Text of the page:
Britain’s chances of surpassing their record medals tally from last year's world championships is set to continue apace here on Saturday.
However Britain's Chris Hoy has given his team a stark reminder that nothing should be taken for granted in the lead up to the Olympics. Hoy will aim to follow up whatever result he claims from Friday's tussle with Roberto Chiappa in the men's sprint semi-finals with a bid to successfully defend his world keirin crown 24 hours later.
With Victoria Pendleton a favourite to defend her sprint crown, and Bradley Wiggins and Mark Cavendish teaming up for the men's Madison, Britain will be looking to add more silverware to a tally which has grown to four gold from seven events in just two days. For British cycling's Performance Director Dave Brailsford, it's all coming together nicely for the Olympics, where Britain will start as the team to beat in a majority of the events that really matter.
But Hoy says the glory gained from the past two world championships will count for nothing if they fail to deliver in Beijing.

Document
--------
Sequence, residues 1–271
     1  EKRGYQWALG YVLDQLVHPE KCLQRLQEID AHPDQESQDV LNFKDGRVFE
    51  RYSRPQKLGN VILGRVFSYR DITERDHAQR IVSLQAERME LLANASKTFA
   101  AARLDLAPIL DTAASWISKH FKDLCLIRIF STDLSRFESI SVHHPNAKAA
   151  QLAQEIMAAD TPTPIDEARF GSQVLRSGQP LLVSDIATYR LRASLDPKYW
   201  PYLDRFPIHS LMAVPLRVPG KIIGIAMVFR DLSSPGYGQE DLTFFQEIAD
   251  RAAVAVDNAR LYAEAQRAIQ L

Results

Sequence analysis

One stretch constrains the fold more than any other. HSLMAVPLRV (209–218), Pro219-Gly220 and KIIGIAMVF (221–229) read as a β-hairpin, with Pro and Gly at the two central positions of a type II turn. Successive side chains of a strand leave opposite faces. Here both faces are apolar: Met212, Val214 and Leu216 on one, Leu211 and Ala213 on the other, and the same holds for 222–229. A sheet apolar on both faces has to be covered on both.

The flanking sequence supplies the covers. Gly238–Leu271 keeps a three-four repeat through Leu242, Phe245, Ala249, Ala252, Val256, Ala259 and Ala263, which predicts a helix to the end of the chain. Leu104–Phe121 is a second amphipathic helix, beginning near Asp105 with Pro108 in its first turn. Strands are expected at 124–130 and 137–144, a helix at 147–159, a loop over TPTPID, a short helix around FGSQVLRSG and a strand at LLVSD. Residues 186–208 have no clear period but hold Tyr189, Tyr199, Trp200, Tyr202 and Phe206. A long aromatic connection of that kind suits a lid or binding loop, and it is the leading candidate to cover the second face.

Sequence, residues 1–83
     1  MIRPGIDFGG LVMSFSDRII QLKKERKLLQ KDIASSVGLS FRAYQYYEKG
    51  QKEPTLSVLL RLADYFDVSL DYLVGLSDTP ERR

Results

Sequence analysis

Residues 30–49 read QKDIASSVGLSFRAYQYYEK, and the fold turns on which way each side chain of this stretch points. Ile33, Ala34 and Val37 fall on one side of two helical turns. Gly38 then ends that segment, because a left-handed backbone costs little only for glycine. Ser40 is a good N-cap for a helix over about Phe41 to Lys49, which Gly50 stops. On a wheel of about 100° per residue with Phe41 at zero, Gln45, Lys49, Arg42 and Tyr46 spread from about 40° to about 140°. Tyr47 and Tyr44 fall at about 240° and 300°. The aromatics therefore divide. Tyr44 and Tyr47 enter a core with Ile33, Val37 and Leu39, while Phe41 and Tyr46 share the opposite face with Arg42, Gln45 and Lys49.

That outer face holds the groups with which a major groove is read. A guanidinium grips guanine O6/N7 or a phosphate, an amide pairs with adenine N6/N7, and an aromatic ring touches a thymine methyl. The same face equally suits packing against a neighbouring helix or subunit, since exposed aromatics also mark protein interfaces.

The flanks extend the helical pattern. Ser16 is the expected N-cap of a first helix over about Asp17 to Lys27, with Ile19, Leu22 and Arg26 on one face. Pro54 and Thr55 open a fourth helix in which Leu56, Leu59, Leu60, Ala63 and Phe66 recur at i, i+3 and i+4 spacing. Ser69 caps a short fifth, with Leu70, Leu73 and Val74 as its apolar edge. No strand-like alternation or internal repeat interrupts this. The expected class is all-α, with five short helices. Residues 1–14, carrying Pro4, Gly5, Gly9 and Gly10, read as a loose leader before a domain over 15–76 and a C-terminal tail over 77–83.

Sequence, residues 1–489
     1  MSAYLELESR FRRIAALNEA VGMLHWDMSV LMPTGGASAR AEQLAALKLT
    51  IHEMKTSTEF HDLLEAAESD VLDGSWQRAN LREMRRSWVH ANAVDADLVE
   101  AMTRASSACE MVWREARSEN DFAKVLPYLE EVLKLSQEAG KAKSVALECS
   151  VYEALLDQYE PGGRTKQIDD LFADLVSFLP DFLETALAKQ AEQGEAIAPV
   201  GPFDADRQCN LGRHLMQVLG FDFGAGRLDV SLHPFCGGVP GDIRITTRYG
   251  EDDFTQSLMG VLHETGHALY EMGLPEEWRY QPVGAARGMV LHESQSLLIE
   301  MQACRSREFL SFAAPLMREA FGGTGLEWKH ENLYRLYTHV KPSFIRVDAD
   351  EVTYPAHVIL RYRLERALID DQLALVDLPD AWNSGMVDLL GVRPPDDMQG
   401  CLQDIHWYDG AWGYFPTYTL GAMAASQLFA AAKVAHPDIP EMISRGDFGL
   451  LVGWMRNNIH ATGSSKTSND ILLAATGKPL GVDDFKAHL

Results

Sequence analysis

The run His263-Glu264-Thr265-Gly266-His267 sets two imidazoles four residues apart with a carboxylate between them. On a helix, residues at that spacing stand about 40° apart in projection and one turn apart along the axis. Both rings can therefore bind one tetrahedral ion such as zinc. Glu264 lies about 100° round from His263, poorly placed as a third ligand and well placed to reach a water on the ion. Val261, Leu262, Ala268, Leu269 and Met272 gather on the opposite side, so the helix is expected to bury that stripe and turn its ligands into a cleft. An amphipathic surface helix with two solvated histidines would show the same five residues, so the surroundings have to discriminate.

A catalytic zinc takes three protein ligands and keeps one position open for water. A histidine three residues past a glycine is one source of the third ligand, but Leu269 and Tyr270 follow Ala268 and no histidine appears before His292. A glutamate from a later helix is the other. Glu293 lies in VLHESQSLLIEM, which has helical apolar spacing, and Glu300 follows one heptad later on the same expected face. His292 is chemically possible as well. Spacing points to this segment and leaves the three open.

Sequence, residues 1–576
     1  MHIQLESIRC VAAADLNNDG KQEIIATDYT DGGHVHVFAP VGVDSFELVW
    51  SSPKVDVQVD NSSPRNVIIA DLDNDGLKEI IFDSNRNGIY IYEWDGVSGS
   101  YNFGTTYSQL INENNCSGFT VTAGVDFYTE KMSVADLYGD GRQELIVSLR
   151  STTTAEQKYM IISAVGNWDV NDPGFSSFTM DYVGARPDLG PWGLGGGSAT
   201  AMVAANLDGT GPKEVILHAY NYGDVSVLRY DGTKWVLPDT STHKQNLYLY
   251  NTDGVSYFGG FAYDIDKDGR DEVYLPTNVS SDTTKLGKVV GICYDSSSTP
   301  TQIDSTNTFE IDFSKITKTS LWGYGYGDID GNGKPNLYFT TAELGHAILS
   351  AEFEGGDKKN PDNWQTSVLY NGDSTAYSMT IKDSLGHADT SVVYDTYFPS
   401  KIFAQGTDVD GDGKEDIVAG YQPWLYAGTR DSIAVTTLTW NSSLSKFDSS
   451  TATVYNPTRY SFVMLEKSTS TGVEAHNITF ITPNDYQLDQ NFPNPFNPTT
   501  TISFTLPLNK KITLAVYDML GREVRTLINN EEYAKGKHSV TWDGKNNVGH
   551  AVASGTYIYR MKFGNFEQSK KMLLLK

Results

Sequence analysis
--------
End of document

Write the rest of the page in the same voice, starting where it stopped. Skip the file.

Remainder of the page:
"It doesn't matter if you win every single race between Olympics. The race that counts is when you step on the line in Beijing," he told AFP after securing his sprint semi spot in a dramatic thriller with Theo Bos.
Hoy, the reigning world champion in keirin and kilometre, ousted reigning world sprint champion Bos over three legs on Thursday, giving the stunned Dutchman plenty of food for thought ahead of his bid to make amends for his own Olympic setback.
Hoy used the Dutchman, who won his first world title in 2004 only to then lose the Olympic sprint final to Australia's Ryan Bayley, as the example he hoped the Brits would not follow in Beijing.
"He (Bos) came of age in Melbourne in 2004 when he won the world title," Hoy added."I thought then, 'if he wins the Olympics it's a dream come true, but then if he doesn't he's got four years to wait until he tries again'.
"It's always going to play on his mind that he lost the Olympics to Ryan Bayley. So while the world championships are great, they are not the be all and end all."
As Bos turns to grabbing a medal against Hoy in the keirin Saturday, Britain will continue their march towards equalling, and perhaps surpassing, their record haul of seven gold from the 18 on offer in Mallorca last year. After finals in the men's sprint and points race and the women's pursuit Friday, the hosts could add further medals on Saturday when four titles are up for grabs. A lively keirin tussle is expected between Hoy and Bos, while anything less than sprint gold from Pendleton would be considered a setback.
Individual pursuit champion Wiggins, who helped the men's pursuit team to a new world record and successful title defence on Thursday, will team up with Cavendish in a bid to win gold in the Madison. The women's points race is the fourth gold medal event on Saturday.